• It can often be incorrect. Accusations and unconfirmed reports often saturate the news. Having news be false can have many harmful consequences in real life, and I'd rather be less affected by any potentially inaccurate articles. Often the journalists writing articles misinterpret things that occur or scientific papers that are published. They don't know about how to look out for fake science and often fall prey to many biases, such as information bias, selection bias, regression to the mean, confounding, etc. You need statisticians and scientists to interpret data and results correctly, but journalists can often misreport data in such a way to further their political agenda. The readers of the articles that are published shouldn't need to be responsible for checking the validity of data, the sources, and the conclusions.

If you're a politician or journalist, reading the news is probably essential to your way of life, so abstaining from it may be very harmful. You may need to keep up with advancement in your field actively, so reading news specific to your domain is probably a productive thing to do. However, most people don't need to read the main headlines that are for everyone. I thought as a programmer that I needed to check the tech news regularly, but I don't feel like most of that's even useful anyway. I don't need to hear about governments restricting Huawei's products or Zuckerberg responding to media criticism. Most of it is just useless fluff.

If something significant does come up in the news that is relevant to me, I rely on other people mentioning it to me — then I know it might be of interest to me. Though this rarely happens, because rarely is anything in the news super relevant to my life without me knowing about it from somewhere else. I'll still check the headlines occasionally (about once every two to three weeks currently) to ensure I'm not entirely out of the loop, though I hope to check it even less in the future.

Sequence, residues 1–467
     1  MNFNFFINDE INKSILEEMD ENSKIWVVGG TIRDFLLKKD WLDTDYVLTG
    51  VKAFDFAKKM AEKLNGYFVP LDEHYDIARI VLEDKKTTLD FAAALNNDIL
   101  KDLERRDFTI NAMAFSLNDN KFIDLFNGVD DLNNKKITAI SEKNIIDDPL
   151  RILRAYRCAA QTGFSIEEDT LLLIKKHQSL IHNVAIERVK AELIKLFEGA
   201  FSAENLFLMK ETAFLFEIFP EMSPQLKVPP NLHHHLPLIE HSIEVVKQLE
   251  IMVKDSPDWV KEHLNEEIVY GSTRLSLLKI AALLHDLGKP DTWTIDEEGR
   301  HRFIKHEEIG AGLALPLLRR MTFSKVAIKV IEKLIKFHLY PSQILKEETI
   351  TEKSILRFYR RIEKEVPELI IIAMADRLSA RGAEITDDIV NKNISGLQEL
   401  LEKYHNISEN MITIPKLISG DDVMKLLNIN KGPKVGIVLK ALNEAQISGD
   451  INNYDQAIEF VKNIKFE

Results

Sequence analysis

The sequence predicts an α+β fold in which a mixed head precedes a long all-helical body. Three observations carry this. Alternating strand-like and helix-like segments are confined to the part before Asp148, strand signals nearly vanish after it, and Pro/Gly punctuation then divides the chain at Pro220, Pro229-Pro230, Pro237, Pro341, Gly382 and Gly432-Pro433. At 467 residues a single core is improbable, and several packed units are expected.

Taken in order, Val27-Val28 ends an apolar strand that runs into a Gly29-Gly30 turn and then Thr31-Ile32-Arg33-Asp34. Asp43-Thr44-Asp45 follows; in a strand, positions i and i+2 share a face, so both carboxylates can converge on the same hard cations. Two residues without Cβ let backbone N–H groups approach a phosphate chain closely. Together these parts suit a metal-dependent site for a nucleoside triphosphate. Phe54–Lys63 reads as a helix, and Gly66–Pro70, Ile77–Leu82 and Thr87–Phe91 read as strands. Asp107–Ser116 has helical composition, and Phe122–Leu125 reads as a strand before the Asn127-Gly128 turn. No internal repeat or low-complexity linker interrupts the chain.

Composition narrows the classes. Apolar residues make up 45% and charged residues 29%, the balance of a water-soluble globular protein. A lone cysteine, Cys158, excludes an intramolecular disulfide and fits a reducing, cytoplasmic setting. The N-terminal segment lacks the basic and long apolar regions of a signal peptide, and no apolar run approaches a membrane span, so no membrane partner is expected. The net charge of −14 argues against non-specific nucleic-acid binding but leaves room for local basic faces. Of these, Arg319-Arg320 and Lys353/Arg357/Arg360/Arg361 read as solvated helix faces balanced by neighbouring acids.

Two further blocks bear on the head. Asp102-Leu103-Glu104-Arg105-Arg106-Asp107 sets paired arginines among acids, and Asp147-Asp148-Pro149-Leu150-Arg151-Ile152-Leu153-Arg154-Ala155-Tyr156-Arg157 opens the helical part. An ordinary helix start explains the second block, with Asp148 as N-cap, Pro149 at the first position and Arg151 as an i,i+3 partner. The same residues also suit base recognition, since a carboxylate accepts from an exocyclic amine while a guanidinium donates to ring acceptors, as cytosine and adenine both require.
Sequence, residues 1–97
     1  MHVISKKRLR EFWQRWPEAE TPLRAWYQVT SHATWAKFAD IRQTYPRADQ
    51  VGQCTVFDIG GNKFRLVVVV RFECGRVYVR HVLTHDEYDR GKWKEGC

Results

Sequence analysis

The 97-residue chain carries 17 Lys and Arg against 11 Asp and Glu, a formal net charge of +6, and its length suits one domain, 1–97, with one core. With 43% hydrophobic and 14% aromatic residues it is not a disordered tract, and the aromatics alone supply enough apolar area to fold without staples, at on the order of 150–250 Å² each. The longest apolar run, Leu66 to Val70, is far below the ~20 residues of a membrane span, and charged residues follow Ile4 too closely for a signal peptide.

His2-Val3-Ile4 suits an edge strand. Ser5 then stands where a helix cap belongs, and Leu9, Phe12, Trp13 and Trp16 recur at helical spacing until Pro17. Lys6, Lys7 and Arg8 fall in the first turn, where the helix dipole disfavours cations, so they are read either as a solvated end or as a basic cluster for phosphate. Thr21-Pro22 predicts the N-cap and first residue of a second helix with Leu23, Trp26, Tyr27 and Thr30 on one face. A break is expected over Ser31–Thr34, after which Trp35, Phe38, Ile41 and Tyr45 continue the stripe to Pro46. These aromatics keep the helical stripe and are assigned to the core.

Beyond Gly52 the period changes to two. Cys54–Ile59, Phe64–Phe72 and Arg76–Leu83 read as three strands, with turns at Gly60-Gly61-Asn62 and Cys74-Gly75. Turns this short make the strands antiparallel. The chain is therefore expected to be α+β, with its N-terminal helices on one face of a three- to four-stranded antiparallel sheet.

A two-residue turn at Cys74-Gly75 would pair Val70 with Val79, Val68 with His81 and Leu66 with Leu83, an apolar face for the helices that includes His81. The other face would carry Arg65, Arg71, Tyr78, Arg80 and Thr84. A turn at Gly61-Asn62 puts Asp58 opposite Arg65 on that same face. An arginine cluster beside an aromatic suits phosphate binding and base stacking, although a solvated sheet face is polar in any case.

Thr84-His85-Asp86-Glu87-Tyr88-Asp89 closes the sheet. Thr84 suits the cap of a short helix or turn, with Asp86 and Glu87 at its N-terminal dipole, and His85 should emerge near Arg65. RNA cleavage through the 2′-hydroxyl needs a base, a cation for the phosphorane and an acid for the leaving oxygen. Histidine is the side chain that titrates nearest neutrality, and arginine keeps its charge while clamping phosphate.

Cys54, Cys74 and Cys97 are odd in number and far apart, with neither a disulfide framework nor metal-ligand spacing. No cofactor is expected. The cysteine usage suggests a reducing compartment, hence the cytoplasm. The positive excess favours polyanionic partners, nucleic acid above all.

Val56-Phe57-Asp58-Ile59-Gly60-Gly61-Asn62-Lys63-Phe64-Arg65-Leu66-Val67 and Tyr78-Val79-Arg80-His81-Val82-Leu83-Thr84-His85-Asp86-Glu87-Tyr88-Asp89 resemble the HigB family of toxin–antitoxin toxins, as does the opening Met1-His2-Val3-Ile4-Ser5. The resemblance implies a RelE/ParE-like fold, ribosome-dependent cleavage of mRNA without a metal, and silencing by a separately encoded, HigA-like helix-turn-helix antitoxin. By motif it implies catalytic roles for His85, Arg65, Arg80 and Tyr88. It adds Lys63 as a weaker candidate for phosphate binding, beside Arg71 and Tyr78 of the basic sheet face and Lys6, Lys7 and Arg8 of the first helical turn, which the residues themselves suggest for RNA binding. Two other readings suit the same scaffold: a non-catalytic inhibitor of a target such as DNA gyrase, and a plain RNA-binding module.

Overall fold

If you've decided that you want to cut down on your consumption of news, then I'd recommend going a few days without checking it. It will be difficult to resist the urge to check it; you will probably want to remove news apps from your phone's home screen and your web browser's bookmarks. Then, try and go for a longer period. Try and commit to 14 or 30 days of not checking the news, and see how you feel. You should be able to adjust to unplugging yourself from the constant stream of information, which should give you greater mental clarity, and you may even feel more optimistic.

Ending bad habits can be difficult, especially if they are addictions. If you do end up checking the news, realise what you're doing and then stop. Don't berate yourself for your slip-up; forgive yourself and move on.

I've enjoyed living with as little news as possible. As part of writing this article, I had to read the news myself to come up with some of the ideas listed in the article - and it wasn't enjoyable. It reminded me how irrelevant all of it is, and how I found nothing of importance to my own life. I like to think that avoiding news is an excellent method of detoxing your mind to make it sharper. I don't have to deal with the mental clutter of having the never-ending stream of information with an expiration date, and I can live each day being more present and focussed on my own life as a result.